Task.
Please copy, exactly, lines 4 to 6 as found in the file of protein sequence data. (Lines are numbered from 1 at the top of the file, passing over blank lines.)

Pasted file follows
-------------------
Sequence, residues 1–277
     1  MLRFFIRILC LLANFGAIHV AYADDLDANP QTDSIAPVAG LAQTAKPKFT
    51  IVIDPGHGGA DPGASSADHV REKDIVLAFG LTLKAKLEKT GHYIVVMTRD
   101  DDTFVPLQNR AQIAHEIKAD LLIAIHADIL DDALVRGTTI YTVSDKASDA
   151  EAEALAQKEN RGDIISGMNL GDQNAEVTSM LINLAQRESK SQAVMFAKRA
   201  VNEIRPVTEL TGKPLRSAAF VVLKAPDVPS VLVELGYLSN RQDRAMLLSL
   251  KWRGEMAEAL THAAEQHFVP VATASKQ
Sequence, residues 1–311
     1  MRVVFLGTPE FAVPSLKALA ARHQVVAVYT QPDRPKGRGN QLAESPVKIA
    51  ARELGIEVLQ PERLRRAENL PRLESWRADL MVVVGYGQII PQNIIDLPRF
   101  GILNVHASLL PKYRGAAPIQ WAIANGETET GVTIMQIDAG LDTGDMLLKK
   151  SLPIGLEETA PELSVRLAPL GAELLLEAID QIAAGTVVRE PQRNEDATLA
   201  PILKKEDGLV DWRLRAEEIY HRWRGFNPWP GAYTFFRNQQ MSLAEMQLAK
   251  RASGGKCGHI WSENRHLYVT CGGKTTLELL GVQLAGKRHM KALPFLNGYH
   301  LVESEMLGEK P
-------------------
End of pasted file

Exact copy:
   101  DDTFVPLQNR AQIAHEIKAD LLIAIHADIL DDALVRGTTI YTVSDKASDA
   151  EAEALAQKEN RGDIISGMNL GDQNAEVTSM LINLAQRESK SQAVMFAKRA
   201  VNEIRPVTEL TGKPLRSAAF VVLKAPDVPS VLVELGYLSN RQDRAMLLSL